“Beating a Dead Horse” contains my childhood memories of life on the streets of New York City and Jersey City during the Great Depression. The focus is on the ubiquitous presence of working horses (as well as a flock of goats) within the city in that era. The ways people made a living include the organ grinder with his monkey, the fruit and vegetable vendors with their horse-drawn wagons, and the man who collected old clothes to re-sell them. This was an exceedingly stressful era for adults, but we kids were unaware of this; we thought everything was normal.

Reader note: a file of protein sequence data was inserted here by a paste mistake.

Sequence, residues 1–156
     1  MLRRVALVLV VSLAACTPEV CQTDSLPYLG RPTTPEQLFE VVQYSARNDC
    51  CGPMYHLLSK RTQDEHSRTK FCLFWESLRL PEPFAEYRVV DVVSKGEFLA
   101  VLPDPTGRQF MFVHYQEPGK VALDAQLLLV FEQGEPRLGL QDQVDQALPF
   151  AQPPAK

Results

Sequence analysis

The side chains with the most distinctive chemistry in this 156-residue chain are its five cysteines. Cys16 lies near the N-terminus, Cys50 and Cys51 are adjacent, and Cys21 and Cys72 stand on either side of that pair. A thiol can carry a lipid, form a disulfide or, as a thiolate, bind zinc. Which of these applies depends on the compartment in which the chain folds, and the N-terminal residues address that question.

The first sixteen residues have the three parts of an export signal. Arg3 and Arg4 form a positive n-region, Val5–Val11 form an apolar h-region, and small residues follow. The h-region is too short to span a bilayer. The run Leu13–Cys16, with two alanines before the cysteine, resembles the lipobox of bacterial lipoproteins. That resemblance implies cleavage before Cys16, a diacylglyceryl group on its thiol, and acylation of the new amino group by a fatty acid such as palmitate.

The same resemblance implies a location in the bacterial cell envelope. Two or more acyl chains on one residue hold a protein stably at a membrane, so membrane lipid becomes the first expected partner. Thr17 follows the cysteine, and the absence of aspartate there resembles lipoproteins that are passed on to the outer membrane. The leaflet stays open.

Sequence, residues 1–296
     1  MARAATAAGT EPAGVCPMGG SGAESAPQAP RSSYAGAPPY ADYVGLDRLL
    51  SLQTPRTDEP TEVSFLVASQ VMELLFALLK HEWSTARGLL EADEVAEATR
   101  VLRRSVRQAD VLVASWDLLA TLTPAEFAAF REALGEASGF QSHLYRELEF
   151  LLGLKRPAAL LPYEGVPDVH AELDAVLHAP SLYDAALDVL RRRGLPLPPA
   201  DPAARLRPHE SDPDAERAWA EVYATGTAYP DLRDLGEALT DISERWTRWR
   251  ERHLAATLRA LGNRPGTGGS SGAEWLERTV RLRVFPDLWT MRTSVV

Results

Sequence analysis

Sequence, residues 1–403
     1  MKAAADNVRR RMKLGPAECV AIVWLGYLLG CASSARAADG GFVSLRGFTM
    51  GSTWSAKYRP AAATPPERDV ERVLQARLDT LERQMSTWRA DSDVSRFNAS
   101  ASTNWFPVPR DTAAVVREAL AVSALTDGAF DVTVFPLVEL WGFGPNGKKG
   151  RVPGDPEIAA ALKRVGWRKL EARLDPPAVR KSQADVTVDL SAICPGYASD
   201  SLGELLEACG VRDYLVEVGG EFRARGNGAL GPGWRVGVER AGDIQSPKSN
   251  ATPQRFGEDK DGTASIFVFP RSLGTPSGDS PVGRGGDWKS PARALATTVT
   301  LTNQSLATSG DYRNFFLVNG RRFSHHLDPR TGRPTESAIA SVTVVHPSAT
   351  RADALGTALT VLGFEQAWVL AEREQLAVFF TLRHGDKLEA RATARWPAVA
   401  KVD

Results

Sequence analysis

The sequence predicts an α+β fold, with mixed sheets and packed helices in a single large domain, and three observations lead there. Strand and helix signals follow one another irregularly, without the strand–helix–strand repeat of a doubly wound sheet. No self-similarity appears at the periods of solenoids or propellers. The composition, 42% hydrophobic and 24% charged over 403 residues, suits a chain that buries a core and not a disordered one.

All human beings are in a state of flux and transition, whether it be with belief, faith, sex, sexual orientation, identity, memories, relationships, or a physical state. How we see ourselves and others isn’t always clear. Navigating the day-to-day vicissitudes of life is at the heart of the human condition. And on top of that, even more is unexpected than expected, dredging the soul through something out of the blue and demanding resolve, which is also part of the human condition.